When Taiwan speaks, the world listens
By Helle Bering
THE WASHINGTON TIMES
It is hard to imagine a scene less like the starched and
orderly procession of Communist Party officials, solemnly
gathered to ratify government policy in Beijing every five
years for the National People's Congress, than the election
campaign right now in full swing (literally) in Taiwan.
As one of the few new truly democratic countries of the
1990s, Taiwan seems to have set itself the task of proving to
the world that Chinese people believe every bit as much in
freedom of expression and the one-man-one-vote principle as
anybody else, no matter what the Communists say.
Indeed, when it comes to the vigorous exercise of political
expression, the Taiwanese stand second to none. This week an
almighty brawl broke out between a candidate from the Taiwan
Independence Party and a candidate from the Democratic
Progressive Party (DPP). Hot tempers flared as the former
accused the latter of being a shill for Chinese President
Jiang Zemin. While one of the combatants had to be led away,
bleeding from the face, the other's daughter apparently was
hit on the head with a baseball bat. On Taiwan, accusations of
sympathy with the mainland are fighting words.
But elections on Taiwan are watched the world over with keen
interest for other reasons as well, not least on the Chinese
mainland, and certainly in the United States, too. It will be
recalled that Taiwan's March 1996 presidential election
brought mainland China and the United States as close to the
brink of war as they have ever been, as the People's
Liberation Army shot missiles over the Taiwan Strait to rattle
the Taiwanese. The United States, for its part, responded by
sending two aircraft carriers to the area to calm tempers. If
there is one issue at this time capable of igniting a major
confrontation between the United States and China, it remains
the status of Taiwan.
What the PRC hoped to achieve was to undermine the candidacy
of incumbent President Lee Teng-Hui, accused by Beijing of
harboring ambitions for declaring Taiwanese independence -- or
"splittism," in the lovely parlance of the
Communists. Of course, their heavy-handed tactics achieved the
exact opposite. President Lee was convincingly reelected, and
pro-independence sentiment in Taiwan only grew as a result.
On Saturday, 15 million Taiwanese voters will go to the
polls again, and even though we are looking at parliamentary
elections this time (with 225 seats up for grabs) as well as
city council and mayors' elections for Taiwan's two main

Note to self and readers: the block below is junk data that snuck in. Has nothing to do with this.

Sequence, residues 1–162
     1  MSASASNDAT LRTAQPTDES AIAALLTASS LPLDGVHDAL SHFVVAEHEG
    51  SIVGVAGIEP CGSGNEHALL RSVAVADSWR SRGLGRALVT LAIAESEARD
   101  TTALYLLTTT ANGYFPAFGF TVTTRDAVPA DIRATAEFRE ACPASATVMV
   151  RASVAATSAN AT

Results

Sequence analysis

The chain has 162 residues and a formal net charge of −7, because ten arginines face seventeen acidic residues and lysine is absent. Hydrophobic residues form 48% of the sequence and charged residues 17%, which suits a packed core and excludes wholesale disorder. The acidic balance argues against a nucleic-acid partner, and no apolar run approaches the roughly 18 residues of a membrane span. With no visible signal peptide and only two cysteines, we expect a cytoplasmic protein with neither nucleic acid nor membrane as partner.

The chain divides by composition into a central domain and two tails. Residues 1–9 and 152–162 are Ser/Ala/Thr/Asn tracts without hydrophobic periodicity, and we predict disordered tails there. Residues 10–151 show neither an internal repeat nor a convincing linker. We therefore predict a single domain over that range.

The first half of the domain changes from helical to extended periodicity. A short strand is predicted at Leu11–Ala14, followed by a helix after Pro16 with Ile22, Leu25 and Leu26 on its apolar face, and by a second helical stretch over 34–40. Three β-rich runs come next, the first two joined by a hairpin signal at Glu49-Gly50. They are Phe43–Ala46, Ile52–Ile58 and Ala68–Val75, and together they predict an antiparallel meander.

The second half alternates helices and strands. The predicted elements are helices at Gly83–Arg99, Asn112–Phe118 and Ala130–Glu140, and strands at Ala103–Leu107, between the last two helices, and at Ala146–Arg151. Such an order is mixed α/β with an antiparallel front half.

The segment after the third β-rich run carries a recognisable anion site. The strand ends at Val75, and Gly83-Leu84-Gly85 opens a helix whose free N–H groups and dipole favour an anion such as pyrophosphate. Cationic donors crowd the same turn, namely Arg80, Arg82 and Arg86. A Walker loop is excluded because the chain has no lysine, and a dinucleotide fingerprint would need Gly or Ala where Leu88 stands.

cities, Taipei and Kaohsiung, the result will certainly have
reverberations beyond Taiwan.
A parliamentary victory for the parties devoted to
independence, which -- the above-mentioned fisticuffs
notwithstanding -- include the DPP as well as the Independence
Party, will make President Lee's relatively cautious "wait
and be patient" policy towards China harder to pursue.
And should the highly popular DPP mayor of Taipei, Chen
Shui-bian, win reelection, he will have an excellent shot at
the presidency in 2000. That's enough to make Taiwan watchers
here break out into cold sweats.
What is particularly interesting is the fact that last
year's municipal elections on Taiwan already have had an
impact on relations across the Taiwan Strait. As DPP
candidates in races for mayor and county executive came away
with three-quarters of the vote, the result was a major
wake-up call for both Washington and Beijing, forcing
President Jiang Zemin into a reevaluation of mainland tactics
(if not its ultimate goal of assimilating Taiwan on Beijing's
So, for the moment at least, Beijing's merciless bullying of
Taiwan and unrelenting hostility towards President Lee have
given way to softer tones. It is, of course, also a fact that
the communists can better afford a more indulgent attitude
after President Clinton's public and obliging statement in
Shanghai this summer that the United States does not support
Taiwanese independence in any way, shape or form.
In fact, Beijing seems to entertain quite a new-found
fondness for Mr. Lee, who now looks much like the lesser of
two evils in their eyes. At least the Kuomintang government
continues to operate with a "one China" policy,
which holds that there is one China divided by two different
political systems, much the way Germany used to be divided
between a democratic West and a communist East. Eventually,
this concept holds, the two can be united when their political
systems converge under democratic rule. (This is a long-term
project, needless to say.)
One clear manifestation of mainland China's new approach was
the resumption of cross-Strait talks in October, the first
time the two sides sat down at the negotiating table since
1993 when the PRC stomped out. But don't look for major
tectonic shifts to take place during these talks. The meeting
was described as "ice-melting," and both sides
politely stated their views on what exactly "one China"
means, unification, Taiwan's much desired membership in
international organizations (fiercely opposed by Beijing), and
institutionalization of the dialogue. Very Chinese indeed.
What was significant, though, was the players involved. The
Taiwanese representative is a highly respected, close adviser
to President Lee, and he was also able to exchange views with
Jiang Zemin. Analysts in Taiwan describe it as the
highest-level meeting since 1949, when the Kuomintang effected
its strategic retreat from the mainland.
Does this mean that the voters of Taiwan will be more
cautious when they cast their ballots Saturday? Given recent
trends, that would probably be surprising. All of which may
well create headaches in Washington and Beijing. The fact is,
though, that their free political expression has already
changed the dynamic of the relationship with mainland China.
It is a force to be reckoned with -- and to be respected.